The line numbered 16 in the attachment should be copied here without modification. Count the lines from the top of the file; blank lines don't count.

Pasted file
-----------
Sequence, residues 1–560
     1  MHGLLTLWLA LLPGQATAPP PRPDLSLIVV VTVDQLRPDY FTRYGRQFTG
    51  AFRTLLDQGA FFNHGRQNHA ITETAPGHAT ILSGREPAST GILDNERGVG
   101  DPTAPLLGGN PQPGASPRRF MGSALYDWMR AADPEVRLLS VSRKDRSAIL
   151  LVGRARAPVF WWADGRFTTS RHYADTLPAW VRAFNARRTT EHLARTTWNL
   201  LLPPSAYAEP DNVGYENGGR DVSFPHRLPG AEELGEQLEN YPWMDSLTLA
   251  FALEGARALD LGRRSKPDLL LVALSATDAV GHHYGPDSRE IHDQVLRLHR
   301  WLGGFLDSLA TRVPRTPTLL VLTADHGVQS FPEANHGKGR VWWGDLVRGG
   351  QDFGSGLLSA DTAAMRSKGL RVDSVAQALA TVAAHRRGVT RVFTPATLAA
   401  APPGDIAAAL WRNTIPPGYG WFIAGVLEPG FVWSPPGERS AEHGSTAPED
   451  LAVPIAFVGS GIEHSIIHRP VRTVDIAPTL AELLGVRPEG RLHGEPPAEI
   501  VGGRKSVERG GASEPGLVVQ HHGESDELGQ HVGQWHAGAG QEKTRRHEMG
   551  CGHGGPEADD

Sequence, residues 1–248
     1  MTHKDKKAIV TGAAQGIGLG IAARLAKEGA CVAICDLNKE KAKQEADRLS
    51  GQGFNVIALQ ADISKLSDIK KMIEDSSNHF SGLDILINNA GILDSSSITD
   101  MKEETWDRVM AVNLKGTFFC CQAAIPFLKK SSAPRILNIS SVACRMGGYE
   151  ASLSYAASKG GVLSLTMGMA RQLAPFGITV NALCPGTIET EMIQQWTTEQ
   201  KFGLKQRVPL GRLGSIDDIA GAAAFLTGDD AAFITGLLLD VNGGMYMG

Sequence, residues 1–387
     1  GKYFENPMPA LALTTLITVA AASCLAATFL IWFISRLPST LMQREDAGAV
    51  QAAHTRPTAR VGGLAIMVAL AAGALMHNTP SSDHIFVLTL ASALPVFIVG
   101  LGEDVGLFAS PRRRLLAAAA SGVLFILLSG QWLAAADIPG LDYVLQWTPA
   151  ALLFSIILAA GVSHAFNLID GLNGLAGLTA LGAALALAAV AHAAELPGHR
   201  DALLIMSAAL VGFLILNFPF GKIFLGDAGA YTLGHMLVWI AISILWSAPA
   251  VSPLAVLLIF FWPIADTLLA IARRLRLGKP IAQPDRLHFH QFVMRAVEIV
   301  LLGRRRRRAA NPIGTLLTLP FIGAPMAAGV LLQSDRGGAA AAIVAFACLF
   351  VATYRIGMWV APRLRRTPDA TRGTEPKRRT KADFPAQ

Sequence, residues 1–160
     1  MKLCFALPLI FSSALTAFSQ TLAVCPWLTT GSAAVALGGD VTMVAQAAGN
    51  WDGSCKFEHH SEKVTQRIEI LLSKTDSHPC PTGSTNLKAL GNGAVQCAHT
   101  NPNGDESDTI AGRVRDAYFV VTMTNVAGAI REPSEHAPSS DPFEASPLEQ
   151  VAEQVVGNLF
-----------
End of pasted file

    51  GQGFNVIALQ ADISKLSDIK KMIEDSSNHF SGLDILINNA GILDSSSITD